After the election, however, fresh legislation was introduced, under which the prohibition upon kanakas was removed. Some of the sugar-planters in that State appear to think that the same thing will happen in connexion with Commonwealth legislation. Until the end of 1907 arrives, and they realize that the kanakas are to be deported to their homes, we shall continue to hear the cry that white men cannot successfully labour in the cane-fields. As a matter of fact, it has been repeatedly demonstrated that white men can do the work that is demanded of them. The truth is that when they go into the northern por-: tion, or even into the central districts of Queensland, they cannot secure employment. I know some men who wandered all over that State last year in search of employment in. the cane-fields, and who were offered only a miserable wage of from 12s. to 15s. per week. Another point is that the housing accommodation in some cases is unfit for human beings. I am sure that if reasonable rates of wages were offered, and fair accommodation were provided, no difficulty would be experienced in procuring white labour for the cane-fields of Northern Queensland. Under existing conditions there is no inducement for white workers to go there. Mining is carried on in some parts, but there are no sheep stations ; and as the wages offered by many planters are not by any means reasonable, white workers are not encouraged to seek employment there. Travelling during the rainy season is also very inconvenient, as rain falls for weeks almost continuously. Some of the planters declare that white workers are unreliable, and hard to find; but the truth is that these men will not pay fair wages, preferring rather to employ kanakas, Chinese, and other Asiatics. If the large estates surrounding the sugar mills were cut up, the way would be open to the employment of a number of white men; but at the present time the Company rules the country served by the tramways, and asks such exhorbitant rates for its land that it is practically impossible for white men to secure it. It has been asserted by the honorable member for New England that on the occasion of a recent visit to Queensland, he made the startling discovery that white men could not work in the cane-fields because the sun was vertical. That must have been news to most honorable members. It is only during December that the sun is vertical, and as the cane-cutting commences in the early part of June, and is concluded, at the latest, in November, the honorable member for New England will have to search for some other reason. It is those who have but little knowledge of the conditions prevailing in Queensland who are continually bringing forward absurd arguments against the employment of white labour in the cane-fields. As to the terrible climatic conditions of Northern Queensland, of which we hear so much, I am sure that those honorable members who visited that part of the Commonwealth some time ago will agree that the men and women whom they met there would compare favorably with those living in any other part of the Commonwealth. Personally, I prefer the climate of Queensland to that of Victoria. I do not wish to prolong the debate, because I feel that my fellow representatives of Queensland, as well as the honorable member for Hindmarsh and others, have placed the question in its true light before the House. I earnestly hope that the House will have some consideration for the interests of Queensland. Any one who has seen the black, brown, and brindle people living in many of the towns in Northern Queensland must recognise the virtue of the policy of a White Australia. The sooner we get rid of these coloured aliens the better for the Commonwealth. I am sure that no honorable member would care to have to associate with such a class. We have heard a great deal about the cleanly habits of the Japanese, but when they reach Queensland they do not appear to differ in any way from the Hindoos and other Asiatics who flock to the northern part of that State. As to the kanakas, I may say that during the parliamentary tour of inspection, I did not hear of one who, when questioned on the subject, said, that he had no desire to return to his island home. That being so, why should we attempt to keep them here. We can do nothing, so far as the Chinese and other Asiatics already in the Commonwealth are concerned ; it simply remains for us to see that the Immigration Restruction Act is vigorously administered, so that we may have no increase in their numbers. I trust that the House will favorably consider the position of Queensland, and agree to the passing of this Bill.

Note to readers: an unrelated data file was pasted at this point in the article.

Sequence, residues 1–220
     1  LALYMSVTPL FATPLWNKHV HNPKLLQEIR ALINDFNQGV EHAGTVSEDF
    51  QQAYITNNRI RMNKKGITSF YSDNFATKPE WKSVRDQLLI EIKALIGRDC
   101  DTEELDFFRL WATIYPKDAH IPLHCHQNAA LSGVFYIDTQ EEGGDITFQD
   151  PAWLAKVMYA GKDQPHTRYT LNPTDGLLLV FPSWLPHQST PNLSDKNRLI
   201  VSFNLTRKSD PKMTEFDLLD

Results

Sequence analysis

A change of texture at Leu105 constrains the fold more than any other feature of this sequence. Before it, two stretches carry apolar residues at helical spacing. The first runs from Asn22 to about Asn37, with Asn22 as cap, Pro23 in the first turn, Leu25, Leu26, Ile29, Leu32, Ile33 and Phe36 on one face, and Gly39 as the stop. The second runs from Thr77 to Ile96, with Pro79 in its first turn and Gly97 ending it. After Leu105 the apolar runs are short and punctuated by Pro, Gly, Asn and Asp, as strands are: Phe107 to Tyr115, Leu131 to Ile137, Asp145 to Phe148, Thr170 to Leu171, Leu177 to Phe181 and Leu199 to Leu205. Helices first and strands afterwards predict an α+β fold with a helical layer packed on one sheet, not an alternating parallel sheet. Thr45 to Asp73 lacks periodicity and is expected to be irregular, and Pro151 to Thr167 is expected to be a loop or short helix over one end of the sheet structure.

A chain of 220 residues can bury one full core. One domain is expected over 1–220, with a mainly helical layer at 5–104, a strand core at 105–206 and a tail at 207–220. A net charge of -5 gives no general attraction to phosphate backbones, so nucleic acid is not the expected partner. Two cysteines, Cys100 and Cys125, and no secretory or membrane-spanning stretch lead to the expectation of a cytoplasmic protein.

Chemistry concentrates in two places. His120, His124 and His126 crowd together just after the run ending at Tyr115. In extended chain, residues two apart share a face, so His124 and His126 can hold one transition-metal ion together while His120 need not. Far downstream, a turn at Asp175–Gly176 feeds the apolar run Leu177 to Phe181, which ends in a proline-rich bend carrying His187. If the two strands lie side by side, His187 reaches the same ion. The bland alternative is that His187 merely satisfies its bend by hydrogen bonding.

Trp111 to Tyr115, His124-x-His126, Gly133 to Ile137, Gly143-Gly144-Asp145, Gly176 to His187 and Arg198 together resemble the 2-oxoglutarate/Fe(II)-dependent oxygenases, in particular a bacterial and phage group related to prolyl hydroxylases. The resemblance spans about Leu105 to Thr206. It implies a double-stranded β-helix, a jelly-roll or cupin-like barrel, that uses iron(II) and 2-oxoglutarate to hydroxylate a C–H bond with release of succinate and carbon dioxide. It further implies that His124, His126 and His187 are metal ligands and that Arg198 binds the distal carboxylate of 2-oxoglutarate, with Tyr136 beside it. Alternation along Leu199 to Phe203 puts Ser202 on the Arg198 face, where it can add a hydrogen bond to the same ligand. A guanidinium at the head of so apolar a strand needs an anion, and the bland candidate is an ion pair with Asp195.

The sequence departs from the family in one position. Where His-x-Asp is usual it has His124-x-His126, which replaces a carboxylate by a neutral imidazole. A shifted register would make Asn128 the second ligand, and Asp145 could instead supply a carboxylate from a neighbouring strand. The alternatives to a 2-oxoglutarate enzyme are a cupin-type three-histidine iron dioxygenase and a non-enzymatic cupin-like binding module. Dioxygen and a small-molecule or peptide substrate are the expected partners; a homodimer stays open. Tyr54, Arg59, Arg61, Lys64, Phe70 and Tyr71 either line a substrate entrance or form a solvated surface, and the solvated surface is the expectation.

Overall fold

Suggest corrections